Diagnose yourself by spitting on your touchscreen

The remarkable sensitivity of touchscreens can distinguish between different concentrations of liquids. Could phones one day identify ailments with just tiny drops of saliva?
Written by Janet Fang, Contributor on

Sure, you could collect a saliva sample and send it off to a lab for analysis, easy enough. But what if you could just spit on your screen, and then have your phone or tablet do all the lab work?

Byoung Yeon Won and Hyun Gyu Park from Korea Advanced Institute for Science and Technology suggest that all you need to do is press a tiny droplet of the sample against a phone’s touchscreen, and then an app would figure out whether you have food poisoning, strep throat, or the flu, for example. New Scientist reports.

Touchscreens sense a fingertip’s ability to store electric charge – known as its capacitance.

Turns out, the capacitive sensitivity of touchscreens is much higher than what we need on a daily basis (that is, playing games on the subway doesn’t require much sensitivity). "Since these touchscreens can detect very small capacitance changes, we thought they could serve as highly sensitive detection platforms for disease biomarkers," Park says.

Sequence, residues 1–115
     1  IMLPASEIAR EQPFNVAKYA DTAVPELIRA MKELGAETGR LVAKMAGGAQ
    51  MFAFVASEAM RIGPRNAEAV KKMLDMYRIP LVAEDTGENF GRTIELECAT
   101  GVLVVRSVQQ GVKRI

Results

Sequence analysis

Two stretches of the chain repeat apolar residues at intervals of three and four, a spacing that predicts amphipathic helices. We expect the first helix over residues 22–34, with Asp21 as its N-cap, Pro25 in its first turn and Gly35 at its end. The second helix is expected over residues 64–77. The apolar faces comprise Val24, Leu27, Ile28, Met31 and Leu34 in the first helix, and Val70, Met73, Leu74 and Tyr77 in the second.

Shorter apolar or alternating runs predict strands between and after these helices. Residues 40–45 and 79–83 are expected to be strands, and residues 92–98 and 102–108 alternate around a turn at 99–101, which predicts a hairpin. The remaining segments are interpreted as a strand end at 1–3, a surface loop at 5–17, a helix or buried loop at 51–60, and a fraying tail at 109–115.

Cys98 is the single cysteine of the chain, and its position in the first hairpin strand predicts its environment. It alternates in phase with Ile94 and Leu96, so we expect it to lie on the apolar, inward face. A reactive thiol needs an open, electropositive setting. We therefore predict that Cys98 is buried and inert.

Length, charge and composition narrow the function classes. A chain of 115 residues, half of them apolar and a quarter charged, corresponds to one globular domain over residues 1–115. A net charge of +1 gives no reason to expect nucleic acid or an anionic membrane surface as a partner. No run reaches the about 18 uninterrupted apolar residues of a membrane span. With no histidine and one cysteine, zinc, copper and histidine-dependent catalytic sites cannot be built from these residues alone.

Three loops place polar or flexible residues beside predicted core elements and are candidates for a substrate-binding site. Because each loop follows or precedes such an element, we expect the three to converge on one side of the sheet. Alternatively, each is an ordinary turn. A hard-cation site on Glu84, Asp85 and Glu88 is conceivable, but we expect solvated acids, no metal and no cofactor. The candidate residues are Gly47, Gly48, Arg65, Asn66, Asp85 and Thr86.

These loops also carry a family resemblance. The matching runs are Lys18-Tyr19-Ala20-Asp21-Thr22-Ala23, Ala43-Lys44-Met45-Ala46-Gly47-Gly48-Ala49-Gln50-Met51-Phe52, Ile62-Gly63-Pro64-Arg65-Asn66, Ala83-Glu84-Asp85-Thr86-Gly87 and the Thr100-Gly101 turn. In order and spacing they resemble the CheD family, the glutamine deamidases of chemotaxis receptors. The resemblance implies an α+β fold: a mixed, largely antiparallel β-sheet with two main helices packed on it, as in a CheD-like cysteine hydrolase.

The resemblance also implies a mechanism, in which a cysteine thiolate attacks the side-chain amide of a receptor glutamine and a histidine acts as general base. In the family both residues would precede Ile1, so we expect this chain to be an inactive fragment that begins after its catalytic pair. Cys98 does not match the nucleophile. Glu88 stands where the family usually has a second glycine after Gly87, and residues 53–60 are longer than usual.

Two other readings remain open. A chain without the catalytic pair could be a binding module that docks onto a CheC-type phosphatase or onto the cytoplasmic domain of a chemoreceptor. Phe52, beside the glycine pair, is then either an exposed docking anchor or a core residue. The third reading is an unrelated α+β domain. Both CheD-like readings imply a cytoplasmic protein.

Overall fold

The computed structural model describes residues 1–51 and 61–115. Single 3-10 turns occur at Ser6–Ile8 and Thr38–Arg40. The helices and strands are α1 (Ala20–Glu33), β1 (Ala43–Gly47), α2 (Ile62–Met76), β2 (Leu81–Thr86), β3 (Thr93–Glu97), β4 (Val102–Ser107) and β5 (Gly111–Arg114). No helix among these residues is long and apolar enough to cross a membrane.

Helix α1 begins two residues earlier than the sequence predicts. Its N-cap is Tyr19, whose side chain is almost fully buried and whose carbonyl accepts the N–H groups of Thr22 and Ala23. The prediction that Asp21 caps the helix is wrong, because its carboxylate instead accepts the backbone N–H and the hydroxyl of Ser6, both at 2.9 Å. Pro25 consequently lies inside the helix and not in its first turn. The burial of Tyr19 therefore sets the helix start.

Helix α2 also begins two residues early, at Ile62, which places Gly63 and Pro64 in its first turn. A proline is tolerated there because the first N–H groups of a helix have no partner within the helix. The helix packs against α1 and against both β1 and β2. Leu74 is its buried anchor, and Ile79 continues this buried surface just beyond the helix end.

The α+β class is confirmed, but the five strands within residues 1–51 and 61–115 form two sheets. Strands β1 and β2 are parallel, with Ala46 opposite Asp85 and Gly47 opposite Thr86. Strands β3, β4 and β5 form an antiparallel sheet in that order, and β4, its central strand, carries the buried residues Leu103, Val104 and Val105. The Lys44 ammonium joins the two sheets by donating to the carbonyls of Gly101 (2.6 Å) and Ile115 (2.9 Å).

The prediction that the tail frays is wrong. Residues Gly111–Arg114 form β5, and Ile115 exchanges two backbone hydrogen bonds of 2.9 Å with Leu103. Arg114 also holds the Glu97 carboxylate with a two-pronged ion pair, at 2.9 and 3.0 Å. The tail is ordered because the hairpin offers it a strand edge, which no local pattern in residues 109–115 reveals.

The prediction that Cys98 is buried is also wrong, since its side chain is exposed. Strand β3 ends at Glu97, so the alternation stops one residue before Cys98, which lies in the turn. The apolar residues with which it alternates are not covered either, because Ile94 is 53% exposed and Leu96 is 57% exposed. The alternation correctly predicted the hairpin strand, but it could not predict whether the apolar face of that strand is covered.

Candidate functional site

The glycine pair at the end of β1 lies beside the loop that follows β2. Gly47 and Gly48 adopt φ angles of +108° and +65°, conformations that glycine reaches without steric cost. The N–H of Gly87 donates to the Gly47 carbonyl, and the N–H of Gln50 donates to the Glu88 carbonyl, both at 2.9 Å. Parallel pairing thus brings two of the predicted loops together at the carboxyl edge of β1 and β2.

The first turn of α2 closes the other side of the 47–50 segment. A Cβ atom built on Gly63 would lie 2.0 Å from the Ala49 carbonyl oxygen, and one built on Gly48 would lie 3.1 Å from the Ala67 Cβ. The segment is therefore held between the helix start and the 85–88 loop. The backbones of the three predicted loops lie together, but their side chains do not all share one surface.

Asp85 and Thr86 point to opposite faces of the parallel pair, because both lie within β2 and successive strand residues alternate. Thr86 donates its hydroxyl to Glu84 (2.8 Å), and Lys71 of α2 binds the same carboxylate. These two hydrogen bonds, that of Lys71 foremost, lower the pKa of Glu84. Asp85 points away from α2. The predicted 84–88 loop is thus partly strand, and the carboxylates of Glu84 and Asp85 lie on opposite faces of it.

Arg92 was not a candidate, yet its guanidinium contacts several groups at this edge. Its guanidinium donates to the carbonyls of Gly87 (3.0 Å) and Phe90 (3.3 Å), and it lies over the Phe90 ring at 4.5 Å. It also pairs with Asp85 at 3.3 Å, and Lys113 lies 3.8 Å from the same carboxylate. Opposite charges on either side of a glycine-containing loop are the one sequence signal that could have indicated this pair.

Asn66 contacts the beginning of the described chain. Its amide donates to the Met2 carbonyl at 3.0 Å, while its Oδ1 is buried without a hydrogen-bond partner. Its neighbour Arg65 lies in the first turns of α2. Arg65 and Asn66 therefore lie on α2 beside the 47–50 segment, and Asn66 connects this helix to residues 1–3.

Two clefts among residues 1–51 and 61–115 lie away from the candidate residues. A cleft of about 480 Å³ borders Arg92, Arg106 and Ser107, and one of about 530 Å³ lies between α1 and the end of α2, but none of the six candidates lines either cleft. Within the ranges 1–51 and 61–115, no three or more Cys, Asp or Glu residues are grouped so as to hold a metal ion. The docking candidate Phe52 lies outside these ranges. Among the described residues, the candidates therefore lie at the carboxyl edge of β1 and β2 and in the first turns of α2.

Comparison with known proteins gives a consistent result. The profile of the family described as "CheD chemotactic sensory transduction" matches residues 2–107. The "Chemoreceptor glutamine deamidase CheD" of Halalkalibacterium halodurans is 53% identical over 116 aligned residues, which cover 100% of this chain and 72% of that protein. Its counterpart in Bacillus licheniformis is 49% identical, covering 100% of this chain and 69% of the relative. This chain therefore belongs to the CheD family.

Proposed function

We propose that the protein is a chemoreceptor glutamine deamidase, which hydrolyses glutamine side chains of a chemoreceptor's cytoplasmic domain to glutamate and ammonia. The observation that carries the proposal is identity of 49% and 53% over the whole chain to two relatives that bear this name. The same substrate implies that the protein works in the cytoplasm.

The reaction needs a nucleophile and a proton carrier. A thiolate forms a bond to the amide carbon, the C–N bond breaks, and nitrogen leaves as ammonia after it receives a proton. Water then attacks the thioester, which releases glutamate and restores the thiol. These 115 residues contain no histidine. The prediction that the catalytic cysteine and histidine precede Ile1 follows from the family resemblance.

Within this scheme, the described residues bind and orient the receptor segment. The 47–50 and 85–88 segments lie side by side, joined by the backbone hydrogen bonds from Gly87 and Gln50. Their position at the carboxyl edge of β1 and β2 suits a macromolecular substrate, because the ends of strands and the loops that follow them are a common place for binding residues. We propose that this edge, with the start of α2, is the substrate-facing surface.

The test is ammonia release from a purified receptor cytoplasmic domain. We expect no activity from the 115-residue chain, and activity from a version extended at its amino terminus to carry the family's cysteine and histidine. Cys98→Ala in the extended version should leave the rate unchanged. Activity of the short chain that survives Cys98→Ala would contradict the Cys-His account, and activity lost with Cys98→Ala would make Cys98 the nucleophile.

So, the duo devised a way to harness touchscreen power into a lab-on-a-chip and tried to provide some proof-of-concept.

They put drops of 3 different solutions – each containing varying concentrations of DNA from the chlamydia bacteria – onto a multitouch display the size of an iPhone’s.

With drops as small as 10 microliters, the screen was able to distinguish between the capacitances caused by each of the different concentrations of bacteria DNA.

For now, the tech can’t identify specific viruses or bacteria from the sample – but the ability to tell the difference between concentrations is a promising step.

However, any changes to current production-line touchscreens would need to demonstrate huge financial benefits before they’re implemented.

Also, the team’ll need to figure out how to eliminate false-touch signals from sweat and other kinds of moisture. And they also want to make a film that will stick on the screen: "Nobody wants direct application of bio-samples onto their phone," Park says.

The work was published in Angewandte Chemie International Edition.

From New Scientist.

Image from Won and Park

This post was originally published on Smartplanet.com

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